means for receiving a digital container transmitted by a first network node using a channel identification field corresponding to the digital container, the digital container including a header section and a payload section, wherein the payload section carries a plurality of separate transmissions, each transmission formatted according to one of many different protocols; and
means for processing the digital container and for routing the separate transmissions carried in the payload section of the digital container to one or more user nodes serviced by the second network node, wherein the payload section of the digital container includes transmission for only the one or more user nodes serviced by the second network node and the digital container is not routed to a user node.
Description
TECHNICAL FIELD

The invention relates generally to lightwave communication networks and, more particularly, to protocols used for transporting information in such networks.

BACKGROUND OF THE INVENTION

Communication networks must be capable of transporting extremely large amounts of information having different formats (e.g., voice, video, data, and so on) and at the highest speeds possible. As a result, flexible bandwidth management and efficient transmission protocols are essential elements in any network solution. Recent advances in communication technologies have assisted service providers in meeting the increasing demands being placed on today's networks. For example, optical fiber is fast becoming a transmission medium of choice for many communication networks because of the speed and bandwidth advantages associated with optical transmission. In addition, wavelength division multiplexing (WDM) is being used to obtain even more bandwidth and speed in today's optical transmission systems. In its simplest form, WDM is a technique whereby parallel data streams modulating light at different wavelengths are coupled simultaneously into the same optical fiber. By using optical transmission and WDM in the backbone networks, the communications industry has made great strides in terms of solving the bandwidth and speed problems.

However, an efficient transport protocol for carrying the various types of traffic across these optical communication networks continues to be an elusive problem. Although the type of traffic being transported or being planned for transport over these networks continues to evolve, one constant is that future networks need to be capable of carrying a mix of several traffic types in an efficient, flexible, and scalable manner. In general, the type of traffic transported in the networks can be characterized in two categories, mono-media whereby only one type of session is supported, and multimedia, whereby a session can be composed of multiple mono-media sessions. The former case is comparable to traditional circuit or packet networks where voice, data, or video sessions are established and traffic is carried. In the current Internet, early versions of multimedia sessions are observed. For example, upon gaining access to a server, an end user is permitted to access video and audio clips, exchange data, as well as establish real-time connections such as voice and video. Presently, two of the most common types of transport protocols are Asynchronous Transfer Mode (ATM) and Transmission Control Protocol/Internet Protocol (TCP/IP), referred hereinafter as IP. To capitalize on the benefits offered by ATM and IP, coupled with the many advantages associated with optical transmission, a great deal of effort is being applied to develop the most efficient manner for transporting ATM and IP traffic across today's optical communication networks.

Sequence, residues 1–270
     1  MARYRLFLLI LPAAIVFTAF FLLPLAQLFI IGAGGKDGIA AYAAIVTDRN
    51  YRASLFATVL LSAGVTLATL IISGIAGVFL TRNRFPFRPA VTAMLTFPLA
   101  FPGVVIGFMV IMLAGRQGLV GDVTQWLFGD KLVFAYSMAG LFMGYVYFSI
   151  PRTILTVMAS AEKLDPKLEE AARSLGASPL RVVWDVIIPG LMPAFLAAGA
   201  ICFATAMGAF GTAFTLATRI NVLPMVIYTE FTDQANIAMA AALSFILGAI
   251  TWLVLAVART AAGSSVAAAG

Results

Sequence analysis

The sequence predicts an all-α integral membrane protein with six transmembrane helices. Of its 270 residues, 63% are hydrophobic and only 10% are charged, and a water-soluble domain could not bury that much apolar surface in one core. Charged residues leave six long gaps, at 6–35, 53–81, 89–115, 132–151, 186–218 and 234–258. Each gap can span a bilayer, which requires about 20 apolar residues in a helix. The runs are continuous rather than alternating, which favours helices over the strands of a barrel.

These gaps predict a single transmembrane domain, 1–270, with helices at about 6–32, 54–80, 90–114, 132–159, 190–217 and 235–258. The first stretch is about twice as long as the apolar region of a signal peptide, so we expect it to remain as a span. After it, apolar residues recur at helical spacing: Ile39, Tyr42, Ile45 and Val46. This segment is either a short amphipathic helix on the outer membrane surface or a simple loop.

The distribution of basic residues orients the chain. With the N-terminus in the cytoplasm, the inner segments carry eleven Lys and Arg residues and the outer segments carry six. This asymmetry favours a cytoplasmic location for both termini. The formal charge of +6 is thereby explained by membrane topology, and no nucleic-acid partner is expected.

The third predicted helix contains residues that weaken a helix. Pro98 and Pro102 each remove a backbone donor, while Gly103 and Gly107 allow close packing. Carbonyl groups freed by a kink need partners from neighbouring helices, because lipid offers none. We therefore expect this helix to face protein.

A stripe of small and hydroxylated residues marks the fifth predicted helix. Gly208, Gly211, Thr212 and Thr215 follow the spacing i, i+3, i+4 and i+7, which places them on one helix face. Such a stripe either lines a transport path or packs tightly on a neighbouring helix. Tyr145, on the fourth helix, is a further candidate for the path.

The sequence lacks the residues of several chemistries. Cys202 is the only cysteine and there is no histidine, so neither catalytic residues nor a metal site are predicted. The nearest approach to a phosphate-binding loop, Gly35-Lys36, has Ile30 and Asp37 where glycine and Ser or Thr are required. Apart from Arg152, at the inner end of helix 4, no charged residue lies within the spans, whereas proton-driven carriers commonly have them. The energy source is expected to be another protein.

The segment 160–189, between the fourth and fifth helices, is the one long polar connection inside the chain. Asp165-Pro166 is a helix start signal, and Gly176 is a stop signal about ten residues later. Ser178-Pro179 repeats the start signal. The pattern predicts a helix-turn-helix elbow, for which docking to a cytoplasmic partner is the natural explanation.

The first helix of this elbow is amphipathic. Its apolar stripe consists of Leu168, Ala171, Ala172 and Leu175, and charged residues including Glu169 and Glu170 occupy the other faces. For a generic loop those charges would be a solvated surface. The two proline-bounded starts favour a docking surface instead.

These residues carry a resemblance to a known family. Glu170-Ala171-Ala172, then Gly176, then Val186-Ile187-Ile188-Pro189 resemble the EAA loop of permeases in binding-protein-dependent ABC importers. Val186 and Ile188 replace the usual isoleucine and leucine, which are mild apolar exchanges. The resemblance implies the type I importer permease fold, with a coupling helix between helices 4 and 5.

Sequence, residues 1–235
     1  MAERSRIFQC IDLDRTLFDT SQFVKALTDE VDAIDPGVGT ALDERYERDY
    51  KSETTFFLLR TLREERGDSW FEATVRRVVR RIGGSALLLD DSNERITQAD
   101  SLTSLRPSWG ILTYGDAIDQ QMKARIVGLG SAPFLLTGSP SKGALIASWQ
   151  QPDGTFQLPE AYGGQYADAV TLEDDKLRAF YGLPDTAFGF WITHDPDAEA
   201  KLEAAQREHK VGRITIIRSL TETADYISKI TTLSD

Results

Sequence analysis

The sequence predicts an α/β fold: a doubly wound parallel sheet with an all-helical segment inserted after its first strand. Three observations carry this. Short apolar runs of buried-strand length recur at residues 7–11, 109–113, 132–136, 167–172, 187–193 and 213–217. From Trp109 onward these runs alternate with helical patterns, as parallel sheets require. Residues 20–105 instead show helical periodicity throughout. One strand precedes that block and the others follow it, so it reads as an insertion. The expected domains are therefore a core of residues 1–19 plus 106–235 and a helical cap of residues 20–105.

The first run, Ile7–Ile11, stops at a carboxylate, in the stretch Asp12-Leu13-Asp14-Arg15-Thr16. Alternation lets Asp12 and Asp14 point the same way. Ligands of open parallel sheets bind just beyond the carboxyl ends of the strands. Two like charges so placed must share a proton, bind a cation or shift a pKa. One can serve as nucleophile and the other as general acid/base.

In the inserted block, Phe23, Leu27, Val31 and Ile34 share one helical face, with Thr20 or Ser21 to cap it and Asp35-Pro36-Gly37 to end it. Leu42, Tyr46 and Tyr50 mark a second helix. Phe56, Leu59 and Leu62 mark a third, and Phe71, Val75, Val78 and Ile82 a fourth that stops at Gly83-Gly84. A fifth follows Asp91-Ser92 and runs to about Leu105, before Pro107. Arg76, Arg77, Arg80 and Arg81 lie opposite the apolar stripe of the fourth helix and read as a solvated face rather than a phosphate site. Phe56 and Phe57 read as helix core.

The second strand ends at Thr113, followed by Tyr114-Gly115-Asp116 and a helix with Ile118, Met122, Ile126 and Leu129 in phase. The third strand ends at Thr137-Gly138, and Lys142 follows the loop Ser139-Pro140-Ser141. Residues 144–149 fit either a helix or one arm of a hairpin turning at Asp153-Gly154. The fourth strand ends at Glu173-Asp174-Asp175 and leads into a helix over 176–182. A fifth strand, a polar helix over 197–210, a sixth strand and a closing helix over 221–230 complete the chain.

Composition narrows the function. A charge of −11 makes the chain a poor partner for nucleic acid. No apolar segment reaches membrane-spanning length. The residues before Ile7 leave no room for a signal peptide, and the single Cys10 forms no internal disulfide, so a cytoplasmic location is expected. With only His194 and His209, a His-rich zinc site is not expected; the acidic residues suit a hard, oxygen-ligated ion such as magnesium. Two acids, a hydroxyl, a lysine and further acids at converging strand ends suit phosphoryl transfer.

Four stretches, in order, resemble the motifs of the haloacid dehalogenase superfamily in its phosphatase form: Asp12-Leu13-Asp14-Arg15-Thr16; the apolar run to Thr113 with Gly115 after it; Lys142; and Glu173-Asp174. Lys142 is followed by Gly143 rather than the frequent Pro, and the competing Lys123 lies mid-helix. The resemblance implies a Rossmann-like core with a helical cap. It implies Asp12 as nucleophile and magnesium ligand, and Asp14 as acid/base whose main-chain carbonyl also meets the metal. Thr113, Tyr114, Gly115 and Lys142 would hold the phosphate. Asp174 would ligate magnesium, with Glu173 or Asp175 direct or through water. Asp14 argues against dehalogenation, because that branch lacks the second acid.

Most existing optical transmission networks are based on the well-known Synchronous Optical Network (SONET)/Synchronous Digital Hierarchy (SDH) standard. Because the differences and similarities between SONET and SDH are well known, examples described hereinafter will only refer to SONET for simplicity of explanation. A common approach in today's networks is to use a SONET-based system for transporting the different types of traffic. For example, in SONET-based transport, information is formatted according to specified byte and frame structures in the electronic domain and then converted to optical format for transport as a serial bit stream over a lightwave communication system. In WDM, each wavelength channel therefore may carry such formatted traffic, but in parallel so that capacity significantly increases. One proposed approach for supporting the different traffic types) e.g., ATM and IP, is to use the standard SONET frame structure for carrying the ATM cells or IP packets. Although SONET transport has many advantages, SONET is not viewed as a long-term solution to optical communication networks which must support a mix of traffic types.

For example, SONET does not provide an explicit routing process at the cross-connects and/or switches/routers. SONET also does not provide a signaling capability for path setup between source/destination end devices for which communications should take place, e.g., application layer. Furthermore, in order to extract information from SONET payload, complex processing using embedded pointers in its path and section headers is required. With respect to carrying multiple traffic types, the SONET frame structure was not originally designed to handle ATM cells and IP packets and, as such, is not optimized for transmission of such formats.